Tetrastigma Voinierianum Info: Growing Chestnut Vine Indoors

Tetrastigma Voinierianum Plant
(Image credit: beekeepx)

If you want to bring a little bit of the tropics into the house, growing chestnut vine indoors may be just the ticket. Read on to learn more about how to grow Tetrastigma chestnut vines inside.

Tetrastigma Voinierianum Info

Tetrastigma voinierianum info tells us that this plant is native to Laos and can be found under the names chestnut vine houseplant, wild grape, or lizard plant. A rampant climber, chestnut vine may grow a foot (30 cm.) or more in a month in ideal conditions. A member of the Vitaceae family, chestnut vine is a vigorous climber with lush foliage and 8 inch (20 cm.) or longer tendrils. The tendrils are for climbing purposes, allowing the vine to wind its way up the trunks of trees. The underside of the leaves have clear pearl-like bumps, which are actually plant secretions that are used by ant colonies when grown in its wild habitat.

How to Grow Tetrastigma Chestnut Vines Indoors

Chestnut vine houseplant can be difficult to obtain for cultivation but are well worth the effort. If you know of someone that is growing chestnut vine indoors, ask for a cutting. Chestnut vine is easily propagated from cuttings of young shoots, provided there is sufficient humidity. Stick the young cutting in a well-draining aerated mix of potting soil mixed with peat or perlite. Situate the cuttings in a warm room with high humidity. Some of the cuttings may not make it. Chestnut plant is a little picky and it is often trial and error to attain exactly the correct conditions for growth. Once the plant gets established, however, you will be sure to love it and it will definitely acclimate to become a rapid grower.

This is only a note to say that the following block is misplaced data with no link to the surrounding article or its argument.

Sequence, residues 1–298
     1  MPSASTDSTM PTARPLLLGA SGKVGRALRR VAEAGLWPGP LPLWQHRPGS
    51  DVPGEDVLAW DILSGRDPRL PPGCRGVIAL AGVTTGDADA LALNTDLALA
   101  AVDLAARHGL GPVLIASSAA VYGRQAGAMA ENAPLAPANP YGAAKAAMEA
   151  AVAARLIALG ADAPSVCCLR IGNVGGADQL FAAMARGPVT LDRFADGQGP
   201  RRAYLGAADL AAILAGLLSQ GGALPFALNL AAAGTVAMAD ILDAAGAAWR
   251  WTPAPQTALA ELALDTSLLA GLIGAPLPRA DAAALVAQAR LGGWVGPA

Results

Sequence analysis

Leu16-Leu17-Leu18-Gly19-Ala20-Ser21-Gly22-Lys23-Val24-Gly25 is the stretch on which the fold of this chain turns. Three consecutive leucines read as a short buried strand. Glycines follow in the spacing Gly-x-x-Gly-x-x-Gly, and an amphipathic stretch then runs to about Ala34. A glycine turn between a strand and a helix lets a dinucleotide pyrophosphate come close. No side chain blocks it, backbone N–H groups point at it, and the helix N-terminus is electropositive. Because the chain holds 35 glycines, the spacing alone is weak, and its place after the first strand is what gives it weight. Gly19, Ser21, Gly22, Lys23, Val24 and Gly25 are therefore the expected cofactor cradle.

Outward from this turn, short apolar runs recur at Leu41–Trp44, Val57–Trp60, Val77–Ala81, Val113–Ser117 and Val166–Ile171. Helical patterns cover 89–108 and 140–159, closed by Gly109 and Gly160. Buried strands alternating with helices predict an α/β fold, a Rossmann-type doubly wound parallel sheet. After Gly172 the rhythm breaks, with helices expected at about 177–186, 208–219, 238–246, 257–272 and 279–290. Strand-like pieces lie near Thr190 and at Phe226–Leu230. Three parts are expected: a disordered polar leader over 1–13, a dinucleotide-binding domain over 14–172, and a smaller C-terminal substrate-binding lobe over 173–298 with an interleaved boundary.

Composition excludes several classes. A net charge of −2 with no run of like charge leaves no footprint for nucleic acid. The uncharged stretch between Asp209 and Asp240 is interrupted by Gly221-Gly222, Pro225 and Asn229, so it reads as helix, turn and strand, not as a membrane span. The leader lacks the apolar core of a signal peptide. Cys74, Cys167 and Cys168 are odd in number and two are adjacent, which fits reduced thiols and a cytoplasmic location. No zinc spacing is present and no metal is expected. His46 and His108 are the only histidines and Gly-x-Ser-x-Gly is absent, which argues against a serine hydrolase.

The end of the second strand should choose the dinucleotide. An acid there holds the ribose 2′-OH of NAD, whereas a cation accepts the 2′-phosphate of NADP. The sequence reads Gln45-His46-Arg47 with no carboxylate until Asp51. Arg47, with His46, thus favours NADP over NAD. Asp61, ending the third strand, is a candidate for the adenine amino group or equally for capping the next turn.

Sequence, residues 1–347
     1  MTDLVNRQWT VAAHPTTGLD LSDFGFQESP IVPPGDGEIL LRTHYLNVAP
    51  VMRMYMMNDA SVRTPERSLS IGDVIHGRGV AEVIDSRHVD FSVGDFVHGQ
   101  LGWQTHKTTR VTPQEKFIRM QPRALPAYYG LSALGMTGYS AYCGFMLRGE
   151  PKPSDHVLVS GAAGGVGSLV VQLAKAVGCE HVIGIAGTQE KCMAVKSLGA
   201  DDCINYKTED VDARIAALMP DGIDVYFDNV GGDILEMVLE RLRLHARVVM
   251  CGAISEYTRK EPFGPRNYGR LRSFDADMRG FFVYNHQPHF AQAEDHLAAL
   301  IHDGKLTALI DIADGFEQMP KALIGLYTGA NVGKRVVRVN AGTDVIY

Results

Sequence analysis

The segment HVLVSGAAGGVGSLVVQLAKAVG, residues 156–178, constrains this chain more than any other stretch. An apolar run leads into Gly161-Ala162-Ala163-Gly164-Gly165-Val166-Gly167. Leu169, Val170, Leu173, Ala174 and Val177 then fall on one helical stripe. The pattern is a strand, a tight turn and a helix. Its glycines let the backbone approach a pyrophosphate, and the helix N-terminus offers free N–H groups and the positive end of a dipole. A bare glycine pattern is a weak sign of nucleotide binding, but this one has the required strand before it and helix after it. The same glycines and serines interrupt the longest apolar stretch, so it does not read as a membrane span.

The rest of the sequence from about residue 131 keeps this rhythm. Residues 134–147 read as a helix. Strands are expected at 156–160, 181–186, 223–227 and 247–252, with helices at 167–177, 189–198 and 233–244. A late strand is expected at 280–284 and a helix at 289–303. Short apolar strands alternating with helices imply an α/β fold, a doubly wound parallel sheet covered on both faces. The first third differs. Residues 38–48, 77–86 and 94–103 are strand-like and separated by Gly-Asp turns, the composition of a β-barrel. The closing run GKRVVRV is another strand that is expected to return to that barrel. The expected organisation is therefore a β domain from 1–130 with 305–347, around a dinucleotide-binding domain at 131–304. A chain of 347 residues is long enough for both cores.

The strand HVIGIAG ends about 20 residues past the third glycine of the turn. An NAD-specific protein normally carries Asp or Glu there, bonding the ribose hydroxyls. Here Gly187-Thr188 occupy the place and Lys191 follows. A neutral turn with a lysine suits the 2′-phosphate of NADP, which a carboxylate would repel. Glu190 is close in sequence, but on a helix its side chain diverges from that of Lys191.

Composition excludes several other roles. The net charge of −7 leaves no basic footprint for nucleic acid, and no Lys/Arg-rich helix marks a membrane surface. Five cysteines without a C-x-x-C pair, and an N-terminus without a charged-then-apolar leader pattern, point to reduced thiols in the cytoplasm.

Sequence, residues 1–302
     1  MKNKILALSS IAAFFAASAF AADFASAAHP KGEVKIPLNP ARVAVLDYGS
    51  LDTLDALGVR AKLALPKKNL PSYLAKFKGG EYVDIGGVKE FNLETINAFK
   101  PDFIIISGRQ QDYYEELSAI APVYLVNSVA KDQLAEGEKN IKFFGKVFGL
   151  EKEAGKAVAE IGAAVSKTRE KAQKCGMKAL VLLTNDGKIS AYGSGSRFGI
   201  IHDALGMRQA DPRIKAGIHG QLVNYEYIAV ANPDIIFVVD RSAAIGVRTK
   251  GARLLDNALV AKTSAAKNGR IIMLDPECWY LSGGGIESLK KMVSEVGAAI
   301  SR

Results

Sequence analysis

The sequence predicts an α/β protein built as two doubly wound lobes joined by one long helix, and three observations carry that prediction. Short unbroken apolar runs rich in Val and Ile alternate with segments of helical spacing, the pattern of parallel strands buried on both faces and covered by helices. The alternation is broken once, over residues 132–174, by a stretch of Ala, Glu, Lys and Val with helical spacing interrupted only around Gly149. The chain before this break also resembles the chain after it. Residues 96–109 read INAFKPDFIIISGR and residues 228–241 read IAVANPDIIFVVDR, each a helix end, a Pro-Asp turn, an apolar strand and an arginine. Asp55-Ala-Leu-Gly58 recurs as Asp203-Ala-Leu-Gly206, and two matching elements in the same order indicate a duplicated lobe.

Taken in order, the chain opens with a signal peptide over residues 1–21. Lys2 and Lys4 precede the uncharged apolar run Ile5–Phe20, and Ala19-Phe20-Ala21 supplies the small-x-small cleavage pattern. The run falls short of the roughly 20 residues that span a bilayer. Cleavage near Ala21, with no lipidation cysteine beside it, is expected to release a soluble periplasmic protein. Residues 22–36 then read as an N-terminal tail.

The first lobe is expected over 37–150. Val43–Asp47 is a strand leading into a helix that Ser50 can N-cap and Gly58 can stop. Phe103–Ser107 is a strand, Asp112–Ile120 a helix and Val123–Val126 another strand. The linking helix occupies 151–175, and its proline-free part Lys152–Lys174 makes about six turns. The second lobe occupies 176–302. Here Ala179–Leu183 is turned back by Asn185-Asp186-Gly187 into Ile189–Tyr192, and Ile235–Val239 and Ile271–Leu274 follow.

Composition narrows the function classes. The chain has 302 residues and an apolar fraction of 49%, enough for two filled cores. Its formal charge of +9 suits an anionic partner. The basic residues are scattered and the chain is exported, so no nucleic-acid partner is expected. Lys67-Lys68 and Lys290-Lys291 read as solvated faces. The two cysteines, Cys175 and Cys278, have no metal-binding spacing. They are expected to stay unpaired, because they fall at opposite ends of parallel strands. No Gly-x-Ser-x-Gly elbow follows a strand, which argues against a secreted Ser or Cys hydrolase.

Chestnut Vine Plant Care

Once chestnut vine has established, keep it far from the heater, and do not move it around in the home. Chestnut vine will grow in a well lit room or even in the shade, but not in direct sunlight. It will do beautifully in office settings, as it adores the warm temperatures and fluorescent lighting. Maintain at least a room temperature of 50 F. (10 C.) or above, ideally. Chestnut vines abhor the cold and the foliage will even blacken near a chilly window. The most difficult part of chestnut vine plant care is in regards to humidity, which should be high. Low humidity conditions will result in leaf drop, as will too little water. A proper watering schedule may, again, require some trial and error. Too much water will cause the new shoots to drop and too little, well, the same. Water moderately, letting the water flow from the bottom of the container and allow the soil to dry between irrigations. Do not let the plant sit in standing water or the root system will likely rot. Fertilize chestnut vine during the growing season, monthly during the winter months. The plant can be pruned aggressively to restrain its size and create a bushier specimen. Or, you may decide to give it its head and train the shoots to grow around the room. Repot chestnut vine once a year in the spring.

Amy Grant

Amy Grant has been gardening for 30 years and writing for 15. A professional chef and caterer, Amy's area of expertise is culinary gardening.